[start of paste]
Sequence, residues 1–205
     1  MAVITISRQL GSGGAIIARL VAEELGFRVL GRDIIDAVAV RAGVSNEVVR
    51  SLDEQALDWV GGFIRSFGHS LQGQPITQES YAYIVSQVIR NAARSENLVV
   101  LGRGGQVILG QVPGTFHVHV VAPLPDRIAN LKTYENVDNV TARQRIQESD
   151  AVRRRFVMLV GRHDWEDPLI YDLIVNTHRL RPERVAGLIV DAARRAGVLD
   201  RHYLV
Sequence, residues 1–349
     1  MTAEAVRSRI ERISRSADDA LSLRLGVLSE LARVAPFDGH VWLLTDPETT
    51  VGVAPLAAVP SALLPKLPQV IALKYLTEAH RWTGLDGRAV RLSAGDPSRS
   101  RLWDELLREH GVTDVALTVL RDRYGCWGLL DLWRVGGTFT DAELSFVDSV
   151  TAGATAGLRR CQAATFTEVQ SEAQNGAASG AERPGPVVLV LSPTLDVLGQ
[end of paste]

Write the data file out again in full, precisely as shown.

Sequence, residues 1–205
     1  MAVITISRQL GSGGAIIARL VAEELGFRVL GRDIIDAVAV RAGVSNEVVR
    51  SLDEQALDWV GGFIRSFGHS LQGQPITQES YAYIVSQVIR NAARSENLVV
   101  LGRGGQVILG QVPGTFHVHV VAPLPDRIAN LKTYENVDNV TARQRIQESD
   151  AVRRRFVMLV GRHDWEDPLI YDLIVNTHRL RPERVAGLIV DAARRAGVLD
   201  RHYLV
Sequence, residues 1–349
     1  MTAEAVRSRI ERISRSADDA LSLRLGVLSE LARVAPFDGH VWLLTDPETT
    51  VGVAPLAAVP SALLPKLPQV IALKYLTEAH RWTGLDGRAV RLSAGDPSRS
   101  RLWDELLREH GVTDVALTVL RDRYGCWGLL DLWRVGGTFT DAELSFVDSV
   151  TAGATAGLRR CQAATFTEVQ SEAQNGAASG AERPGPVVLV LSPTLDVLGQ